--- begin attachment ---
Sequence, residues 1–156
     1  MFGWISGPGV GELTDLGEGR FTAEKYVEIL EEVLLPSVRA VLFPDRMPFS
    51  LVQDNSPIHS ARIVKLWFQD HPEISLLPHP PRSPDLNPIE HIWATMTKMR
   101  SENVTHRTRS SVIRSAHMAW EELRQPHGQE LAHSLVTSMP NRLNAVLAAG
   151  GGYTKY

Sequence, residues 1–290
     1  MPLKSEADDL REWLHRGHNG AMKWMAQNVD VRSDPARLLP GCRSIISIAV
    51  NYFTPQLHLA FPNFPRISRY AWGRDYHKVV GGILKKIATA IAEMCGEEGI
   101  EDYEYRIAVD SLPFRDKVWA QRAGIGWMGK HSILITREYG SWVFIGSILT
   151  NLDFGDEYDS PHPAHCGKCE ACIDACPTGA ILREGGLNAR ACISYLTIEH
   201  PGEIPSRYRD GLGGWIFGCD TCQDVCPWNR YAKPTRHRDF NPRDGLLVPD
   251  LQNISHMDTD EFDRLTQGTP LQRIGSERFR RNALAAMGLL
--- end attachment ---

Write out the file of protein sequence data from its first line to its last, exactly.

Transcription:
Sequence, residues 1–156
     1  MFGWISGPGV GELTDLGEGR FTAEKYVEIL EEVLLPSVRA VLFPDRMPFS
    51  LVQDNSPIHS ARIVKLWFQD HPEISLLPHP PRSPDLNPIE HIWATMTKMR
   101  SENVTHRTRS SVIRSAHMAW EELRQPHGQE LAHSLVTSMP NRLNAVLAAG
   151  GGYTKY

Sequence, residues 1–290
     1  MPLKSEADDL REWLHRGHNG AMKWMAQNVD VRSDPARLLP GCRSIISIAV
    51  NYFTPQLHLA FPNFPRISRY AWGRDYHKVV GGILKKIATA IAEMCGEEGI
   101  EDYEYRIAVD SLPFRDKVWA QRAGIGWMGK HSILITREYG SWVFIGSILT
   151  NLDFGDEYDS PHPAHCGKCE ACIDACPTGA ILREGGLNAR ACISYLTIEH
   201  PGEIPSRYRD GLGGWIFGCD TCQDVCPWNR YAKPTRHRDF NPRDGLLVPD
   251  LQNISHMDTD EFDRLTQGTP LQRIGSERFR RNALAAMGLL